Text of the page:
That explains that curious coincidence about each of them getting stabbed with an umbrella a few days before his death. :-) http://www.telegraph.co.uk/news/215... I guess the Russkies figured Euwe was too weak to bother about. They were right. http://en.wikipedia.org/wiki/World_...
|Apr-08-12|| ||JoergWalter: <FSR: I guess the Russkies figured Euwe was too weak to bother about.>|
Euwe was on that list, too. but the soviet production of umbrellas was facing serious supply problems in materials at that time.
The responsible secretary for umbrella manufacturing was never seen again.
|Apr-08-12|| ||King Death: <FSR> Yup, the real contenders in 1948 needed a punching bag. What I find weird about Euwe's score is that the winner had the worst result against him, even Smyslov went 4-1 in spite of contributing Euwe's only win in 20 games.|
|Apr-08-12|| ||maxi: What about Old Blood and Guts? A 30mph accident, and General Patton is paralyzed from the neck down. Sounds like an umbrella job to me. And if anybody was a pain in the neck to the Soviets it was him.|
|Apr-08-12|| ||King Death: If Patton had his way the army would've gone clear to Moscow.|
|Apr-08-12|| ||RookFile: He would have tried. The Germans found out just how huge Russia was. When the Germans were on the offensive, the Russians retreated faster than they could attack, and followed a scorched earth policy. There are technical difficulties in maintaining a 1000 mile supply chain. Then the winter came, and it was bad news for the Germans even before the crushing counterattack came by the Russians. |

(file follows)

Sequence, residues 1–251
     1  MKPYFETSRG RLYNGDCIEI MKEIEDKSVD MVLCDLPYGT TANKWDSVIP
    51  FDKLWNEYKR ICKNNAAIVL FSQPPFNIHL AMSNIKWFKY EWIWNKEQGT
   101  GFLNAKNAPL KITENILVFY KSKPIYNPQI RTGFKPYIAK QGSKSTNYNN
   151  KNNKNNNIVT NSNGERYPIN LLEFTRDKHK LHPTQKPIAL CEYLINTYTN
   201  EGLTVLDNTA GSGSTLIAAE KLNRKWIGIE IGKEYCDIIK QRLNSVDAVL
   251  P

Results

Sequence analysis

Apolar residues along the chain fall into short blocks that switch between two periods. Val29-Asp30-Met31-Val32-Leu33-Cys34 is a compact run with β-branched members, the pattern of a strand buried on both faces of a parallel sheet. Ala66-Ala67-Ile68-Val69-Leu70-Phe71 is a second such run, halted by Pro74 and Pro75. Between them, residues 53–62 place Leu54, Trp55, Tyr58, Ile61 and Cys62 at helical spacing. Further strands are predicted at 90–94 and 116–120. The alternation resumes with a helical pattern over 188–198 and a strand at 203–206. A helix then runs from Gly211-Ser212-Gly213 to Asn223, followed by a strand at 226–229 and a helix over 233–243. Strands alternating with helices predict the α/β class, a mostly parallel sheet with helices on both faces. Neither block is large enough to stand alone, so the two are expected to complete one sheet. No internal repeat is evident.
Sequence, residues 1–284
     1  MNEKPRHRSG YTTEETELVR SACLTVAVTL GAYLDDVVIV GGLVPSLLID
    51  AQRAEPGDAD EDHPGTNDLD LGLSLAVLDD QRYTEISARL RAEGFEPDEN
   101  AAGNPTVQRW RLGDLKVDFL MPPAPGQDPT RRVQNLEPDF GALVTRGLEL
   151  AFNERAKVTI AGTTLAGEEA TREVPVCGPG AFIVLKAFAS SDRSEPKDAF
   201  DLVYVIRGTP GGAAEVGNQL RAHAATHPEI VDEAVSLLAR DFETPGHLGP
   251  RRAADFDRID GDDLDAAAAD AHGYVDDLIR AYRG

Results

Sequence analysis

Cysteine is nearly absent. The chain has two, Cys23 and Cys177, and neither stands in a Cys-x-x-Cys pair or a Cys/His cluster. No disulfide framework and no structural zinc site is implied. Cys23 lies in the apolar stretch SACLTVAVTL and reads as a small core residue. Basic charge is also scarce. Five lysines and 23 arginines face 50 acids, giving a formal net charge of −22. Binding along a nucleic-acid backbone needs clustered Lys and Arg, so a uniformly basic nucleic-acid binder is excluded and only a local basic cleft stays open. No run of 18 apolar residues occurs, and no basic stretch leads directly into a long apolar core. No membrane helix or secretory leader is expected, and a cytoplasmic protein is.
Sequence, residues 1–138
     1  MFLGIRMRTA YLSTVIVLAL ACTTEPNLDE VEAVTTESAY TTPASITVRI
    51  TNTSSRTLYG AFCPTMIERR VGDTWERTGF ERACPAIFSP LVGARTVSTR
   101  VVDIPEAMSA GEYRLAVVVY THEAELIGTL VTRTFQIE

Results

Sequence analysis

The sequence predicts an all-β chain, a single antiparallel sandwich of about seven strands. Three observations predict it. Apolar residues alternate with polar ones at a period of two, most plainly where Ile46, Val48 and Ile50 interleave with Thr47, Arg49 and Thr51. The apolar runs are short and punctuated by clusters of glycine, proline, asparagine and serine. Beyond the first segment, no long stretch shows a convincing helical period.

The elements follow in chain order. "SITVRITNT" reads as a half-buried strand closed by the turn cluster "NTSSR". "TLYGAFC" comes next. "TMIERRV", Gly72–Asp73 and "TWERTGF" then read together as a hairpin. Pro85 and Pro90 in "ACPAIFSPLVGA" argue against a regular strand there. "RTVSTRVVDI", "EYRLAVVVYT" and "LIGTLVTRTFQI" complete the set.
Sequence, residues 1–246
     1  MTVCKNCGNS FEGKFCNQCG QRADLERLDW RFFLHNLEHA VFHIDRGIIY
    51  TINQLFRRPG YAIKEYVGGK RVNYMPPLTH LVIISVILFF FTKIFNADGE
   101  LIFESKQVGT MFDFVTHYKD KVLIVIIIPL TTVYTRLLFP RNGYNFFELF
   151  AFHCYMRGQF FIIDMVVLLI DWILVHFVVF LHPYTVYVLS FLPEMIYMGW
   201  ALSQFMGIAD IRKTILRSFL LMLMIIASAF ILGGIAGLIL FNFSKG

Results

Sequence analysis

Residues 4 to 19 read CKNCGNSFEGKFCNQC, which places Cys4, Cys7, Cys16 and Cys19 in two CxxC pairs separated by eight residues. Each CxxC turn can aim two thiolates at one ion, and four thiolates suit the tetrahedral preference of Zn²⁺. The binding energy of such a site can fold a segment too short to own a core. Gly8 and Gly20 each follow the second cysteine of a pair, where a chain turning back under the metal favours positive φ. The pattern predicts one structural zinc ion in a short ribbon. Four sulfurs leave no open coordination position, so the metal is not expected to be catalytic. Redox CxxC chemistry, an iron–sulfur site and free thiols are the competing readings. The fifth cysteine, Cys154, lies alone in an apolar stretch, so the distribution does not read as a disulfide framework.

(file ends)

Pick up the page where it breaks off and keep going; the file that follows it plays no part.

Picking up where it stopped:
I admire some of the things Patton did, but they did the right thing in getting a loose cannon out of a command position. It was too bad that he had that fatal accident, though.
|Apr-08-12|| ||FSR: <King Death> A <real> champion would have swept Euwe. http://www.chessgames.com/perl/ches...|
Not many know it, but "Euwe" wasn't even his real name. That was actually just the nickname he got because people made that sound in reacting to his blunders:
"Euwe, I can't believe he played 6...b5?? !" Alekhine vs Euwe, 1937
"Euwe, I can't believe he played 23...Ba5?? !" Lasker vs Euwe, 1936
"Euwe, I can't believe he played 30...Ra6?? !" Capablanca vs Euwe, 1931
"Euwe, I can't believe he played 71.Bd5?? !" Euwe vs Lilienthal, 1937
|Apr-08-12|| ||maxi: My question is if Patton was left alone even for just a few seconds. Also, as paranoid as it sounds, both the driver and Gay had to be investigaded for communist affiliations or links.|